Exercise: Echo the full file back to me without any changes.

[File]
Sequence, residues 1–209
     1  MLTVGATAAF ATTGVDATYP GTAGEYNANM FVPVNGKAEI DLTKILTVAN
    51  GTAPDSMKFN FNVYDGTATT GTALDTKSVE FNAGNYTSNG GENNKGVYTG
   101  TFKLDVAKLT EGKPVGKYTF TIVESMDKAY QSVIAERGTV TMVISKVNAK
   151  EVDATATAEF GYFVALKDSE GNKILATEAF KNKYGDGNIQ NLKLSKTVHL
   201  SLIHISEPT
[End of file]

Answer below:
Sequence, residues 1–209
     1  MLTVGATAAF ATTGVDATYP GTAGEYNANM FVPVNGKAEI DLTKILTVAN
    51  GTAPDSMKFN FNVYDGTATT GTALDTKSVE FNAGNYTSNG GENNKGVYTG
   101  TFKLDVAKLT EGKPVGKYTF TIVESMDKAY QSVIAERGTV TMVISKVNAK
   151  EVDATATAEF GYFVALKDSE GNKILATEAF KNKYGDGNIQ NLKLSKTVHL
   201  SLIHISEPT